Helpful Information for Solr Support Resources
See UsingMailingLists for more basic information.
Think of the information that this page describes as a "support package". It will have a very large amount of information that can be helpful to people on the mailing list or in the IRC channel who are trying to assist with a problem.
One of the most important pieces of information that gets left out of support requests is the version. Complete log entries are also useful, and you may want to actually include the entire solr logfile.
Sharing large pieces of information
The mailing list typically will not accept attachments. IRC has no built-in file-transferring mechanisms. For this reason, it is important to utilize other resources for sharing large amounts of information or binary data like images. Many services exist for this. These services are typically utilized by uploading the information to a website, which will then provide a URL for accessing what was uploaded.
Apache runs a paste website that can accept large amounts of text, or binary files like images that are up to 1MB in size. If you use this service, be sure to specify a one month expiration, so that the service will not get overloaded and require maintenance. Maintenance typically involves deleting all the stored information.
There are also many other paste websites and file sharing services. One service that is particularly good for sharing files is Dropbox.
Info Gathering Script for UNIX-like Operating Systems
This script assumes that you have the curl utility installed and on the basic system path:
This script will create an archive in the current directory, named "solrsupportpackage.tar.gz" by default, which you can share with those who are trying to help you. See an earlier section of this page for information about sharing files.
If you're running on Windows, there is no equivalent script. You can instead grab the info from these three URLs and share it using methods discussed above.
Other information that can be extremely useful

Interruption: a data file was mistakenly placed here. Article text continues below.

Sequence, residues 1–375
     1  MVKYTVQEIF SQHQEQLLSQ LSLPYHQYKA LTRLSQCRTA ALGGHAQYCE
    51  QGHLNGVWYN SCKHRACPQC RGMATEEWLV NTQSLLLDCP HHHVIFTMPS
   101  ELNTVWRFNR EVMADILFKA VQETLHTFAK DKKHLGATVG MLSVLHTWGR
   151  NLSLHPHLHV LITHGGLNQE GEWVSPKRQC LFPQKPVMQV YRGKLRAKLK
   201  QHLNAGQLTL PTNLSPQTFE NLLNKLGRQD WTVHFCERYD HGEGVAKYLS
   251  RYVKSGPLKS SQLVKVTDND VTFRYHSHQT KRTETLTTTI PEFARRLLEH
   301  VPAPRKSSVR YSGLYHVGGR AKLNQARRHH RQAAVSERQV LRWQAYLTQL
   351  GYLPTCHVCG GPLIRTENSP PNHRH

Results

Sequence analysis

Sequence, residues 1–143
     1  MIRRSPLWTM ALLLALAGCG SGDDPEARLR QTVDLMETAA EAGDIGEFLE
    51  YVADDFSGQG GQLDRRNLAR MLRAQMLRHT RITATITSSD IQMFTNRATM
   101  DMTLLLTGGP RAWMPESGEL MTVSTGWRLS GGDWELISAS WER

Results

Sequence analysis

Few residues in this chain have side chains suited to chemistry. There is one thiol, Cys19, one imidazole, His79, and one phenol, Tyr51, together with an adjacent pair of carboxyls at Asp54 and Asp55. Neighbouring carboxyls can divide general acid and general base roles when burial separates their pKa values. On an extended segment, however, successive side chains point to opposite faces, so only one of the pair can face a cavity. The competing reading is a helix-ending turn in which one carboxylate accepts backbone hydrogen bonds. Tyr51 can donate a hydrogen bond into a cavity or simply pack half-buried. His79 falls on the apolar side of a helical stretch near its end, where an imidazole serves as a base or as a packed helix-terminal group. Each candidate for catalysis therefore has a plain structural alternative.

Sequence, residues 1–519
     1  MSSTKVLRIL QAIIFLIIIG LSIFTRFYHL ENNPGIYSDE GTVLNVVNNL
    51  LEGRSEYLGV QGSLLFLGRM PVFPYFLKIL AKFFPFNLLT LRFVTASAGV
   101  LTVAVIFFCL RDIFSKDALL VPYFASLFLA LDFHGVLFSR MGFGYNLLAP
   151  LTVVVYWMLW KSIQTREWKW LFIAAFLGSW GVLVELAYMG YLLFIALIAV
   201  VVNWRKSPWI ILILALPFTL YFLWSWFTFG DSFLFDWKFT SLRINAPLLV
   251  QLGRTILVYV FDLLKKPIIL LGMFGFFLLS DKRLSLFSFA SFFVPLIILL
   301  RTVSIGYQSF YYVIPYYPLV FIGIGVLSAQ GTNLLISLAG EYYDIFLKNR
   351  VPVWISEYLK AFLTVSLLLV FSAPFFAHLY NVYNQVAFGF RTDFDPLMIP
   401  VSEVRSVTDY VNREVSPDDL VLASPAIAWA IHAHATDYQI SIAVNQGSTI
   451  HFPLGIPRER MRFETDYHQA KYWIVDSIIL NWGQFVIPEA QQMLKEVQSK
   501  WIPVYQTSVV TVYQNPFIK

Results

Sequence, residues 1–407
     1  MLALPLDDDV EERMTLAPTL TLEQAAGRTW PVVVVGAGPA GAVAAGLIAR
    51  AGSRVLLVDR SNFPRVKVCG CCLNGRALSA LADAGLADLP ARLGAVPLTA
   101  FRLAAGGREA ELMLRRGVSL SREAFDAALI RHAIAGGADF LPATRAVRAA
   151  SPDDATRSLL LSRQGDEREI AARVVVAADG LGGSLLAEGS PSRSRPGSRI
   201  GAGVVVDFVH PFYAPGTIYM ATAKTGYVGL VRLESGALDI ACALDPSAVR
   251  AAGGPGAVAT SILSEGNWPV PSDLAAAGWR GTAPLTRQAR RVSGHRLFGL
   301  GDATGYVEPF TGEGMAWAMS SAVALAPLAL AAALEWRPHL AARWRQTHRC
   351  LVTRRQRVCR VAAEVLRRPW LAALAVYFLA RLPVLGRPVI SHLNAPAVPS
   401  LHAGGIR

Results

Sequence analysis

Below are other pieces of information that can be helpful. You might provide these pieces of information separately from what's described above, or you might include them in a single archive.
Screenshot of a process list sorted by memory usage
- Most non-Windows operating systems have a utility called "top" that you can run. This utility will usually accept pressing shift-M to sort the output by memory usage. There is a similar utility called "htop" which does not provide all the same information as "top". Use the latter.
- On recent Windows versions, there is a program called Resource Monitor. If you run this program, click on the memory tab, and then click the "Commit (KB)" column until there is a down arrow on it.
Once the correct information is shown on your screen, take a screen capture (or even take a picture of the screen with a cell phone or other digital camera), then share the image as discussed earlier.
The solrconfig.xml and schema files
It is very helpful to have the config and schema from the core/collection you are trying to use. The config file is solrconfig.xml, and the schema will usually be named either managed-schema or schema.xml, depending on the Solr version and whether or not solrconfig.xml has been changed.
Info being indexed into Solr
It may be necessary to see the exact information that Solr is receiving from the indexing source, to understand how the schema might change this information.
Precise queries being made
Having an exact copy of the query request that is being made, including the URL path and all parameters, can be vital to figuring out why a query isn't working as expected.
Longevity of shared URLs
Anybody replying to a message with sharing URLs in them should keep in mind that messages to the Solr mailing list remain in the archive forever. URLs generated by paste websites and file sharing services probably will NOT live forever. For that reason, it will be critical in all replies to quote the pieces of information seen in the shared info that were seen as problematic, so that people who find historical messages in the archive will know what information was necessary to figure out the problem, even if the shared URL no longer functions.